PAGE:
From the publisher: “For the Kellehers, Maine is a place where children run in packs, showers are taken outdoors, and old Irish songs are sung around a piano. As three generations of Kelleher women arrive at the family's beach house, each brings her own hopes and fears. Maggie is thirty-two and pregnant, waiting for the perfect moment to tell her imperfect boyfriend the news; Ann Marie, a Kelleher by marriage, is channeling her domestic frustration into a dollhouse obsession and an ill-advised crush; Kathleen, the black sheep, never wanted to set foot in the cottage again; and Alice, the matriarch at the center of it all, would trade every floorboard for a chance to undo the events of one night, long ago.
By turns wickedly funny and achingly sad, Maine unveils the sibling rivalry, alcoholism, social climbing, and Catholic guilt at the center of one family, along with the abiding, often irrational love that keeps them coming back, every summer, to Maine and to each other.”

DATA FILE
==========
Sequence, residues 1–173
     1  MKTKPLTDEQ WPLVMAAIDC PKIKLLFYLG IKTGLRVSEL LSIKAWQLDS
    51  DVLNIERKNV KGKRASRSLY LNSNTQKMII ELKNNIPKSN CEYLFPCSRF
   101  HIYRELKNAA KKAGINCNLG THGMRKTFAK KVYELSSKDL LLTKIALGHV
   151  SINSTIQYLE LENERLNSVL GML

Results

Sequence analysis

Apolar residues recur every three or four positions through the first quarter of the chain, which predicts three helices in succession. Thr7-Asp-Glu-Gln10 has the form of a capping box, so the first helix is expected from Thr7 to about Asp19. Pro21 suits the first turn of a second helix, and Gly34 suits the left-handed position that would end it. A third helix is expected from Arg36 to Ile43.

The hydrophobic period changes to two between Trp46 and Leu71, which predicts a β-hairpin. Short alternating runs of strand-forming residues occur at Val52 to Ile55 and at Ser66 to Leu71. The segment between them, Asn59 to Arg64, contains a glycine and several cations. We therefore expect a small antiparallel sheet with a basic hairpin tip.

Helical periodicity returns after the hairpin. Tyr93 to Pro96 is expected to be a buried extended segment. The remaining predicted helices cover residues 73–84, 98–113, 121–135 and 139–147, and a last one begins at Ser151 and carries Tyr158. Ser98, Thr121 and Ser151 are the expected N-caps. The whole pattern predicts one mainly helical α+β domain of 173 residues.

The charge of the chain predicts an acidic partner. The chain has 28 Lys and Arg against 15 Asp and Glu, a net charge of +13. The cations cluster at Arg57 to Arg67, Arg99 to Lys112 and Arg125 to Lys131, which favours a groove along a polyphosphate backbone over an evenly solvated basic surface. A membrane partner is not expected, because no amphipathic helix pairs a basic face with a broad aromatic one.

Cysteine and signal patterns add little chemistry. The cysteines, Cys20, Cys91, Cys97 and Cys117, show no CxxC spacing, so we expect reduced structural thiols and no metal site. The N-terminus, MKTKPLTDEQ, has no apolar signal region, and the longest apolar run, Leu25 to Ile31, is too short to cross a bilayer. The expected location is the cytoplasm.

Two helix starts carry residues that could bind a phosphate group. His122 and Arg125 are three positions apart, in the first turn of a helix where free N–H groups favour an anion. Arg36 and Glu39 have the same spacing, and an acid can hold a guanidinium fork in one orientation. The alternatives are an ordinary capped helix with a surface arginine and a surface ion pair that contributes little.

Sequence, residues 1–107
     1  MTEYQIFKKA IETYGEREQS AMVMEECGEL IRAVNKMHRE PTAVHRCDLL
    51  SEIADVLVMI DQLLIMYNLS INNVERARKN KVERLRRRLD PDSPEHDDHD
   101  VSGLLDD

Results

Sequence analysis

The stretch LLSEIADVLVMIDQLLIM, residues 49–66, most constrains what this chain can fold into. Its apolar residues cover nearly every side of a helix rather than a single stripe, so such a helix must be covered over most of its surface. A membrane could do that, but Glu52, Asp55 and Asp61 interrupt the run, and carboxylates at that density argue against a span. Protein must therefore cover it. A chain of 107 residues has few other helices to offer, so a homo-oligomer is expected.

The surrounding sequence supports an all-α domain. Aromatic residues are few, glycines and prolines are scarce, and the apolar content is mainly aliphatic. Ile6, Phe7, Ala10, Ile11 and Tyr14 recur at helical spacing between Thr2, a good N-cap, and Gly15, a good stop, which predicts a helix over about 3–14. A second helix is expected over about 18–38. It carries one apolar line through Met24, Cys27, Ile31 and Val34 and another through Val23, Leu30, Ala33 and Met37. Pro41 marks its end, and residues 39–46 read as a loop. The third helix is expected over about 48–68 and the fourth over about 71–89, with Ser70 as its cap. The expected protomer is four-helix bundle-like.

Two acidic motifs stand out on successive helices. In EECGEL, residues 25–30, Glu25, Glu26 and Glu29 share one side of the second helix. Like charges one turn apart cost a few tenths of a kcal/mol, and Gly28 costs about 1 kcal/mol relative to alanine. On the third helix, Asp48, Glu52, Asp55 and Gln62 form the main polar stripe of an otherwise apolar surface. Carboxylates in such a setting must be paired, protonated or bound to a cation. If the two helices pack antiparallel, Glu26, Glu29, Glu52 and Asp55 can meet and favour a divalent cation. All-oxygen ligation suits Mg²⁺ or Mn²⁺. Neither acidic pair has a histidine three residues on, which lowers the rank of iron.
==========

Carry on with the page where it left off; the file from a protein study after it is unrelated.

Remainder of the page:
Renee’s Review: The ideal paperback novel for a day at the beach or sheltering from a summer rainstorm. I love novels that explore families across generations, especially the female line, and Maine certainly delivered. I needed a break from heart-rending, overly gutting novels that, while exceptional works of literature, left me feeling drained and depressed. A good friend recommended Sullivan’s work to me for lighter (but not sentimental) reading. Her novels were exactly the medicine I needed.
Pair with: The Last Anniversary, by Liane Moriarty
Little Fires Everywhere, by Celeste Ng
From the publisher: “In Shaker Heights, a placid, progressive suburb of Cleveland, everything is planned — from the layout of the winding roads, to the colors of the houses, to the successful lives its residents will go on to lead. And no one embodies this spirit more than Elena Richardson, whose guiding principle is playing by the rules.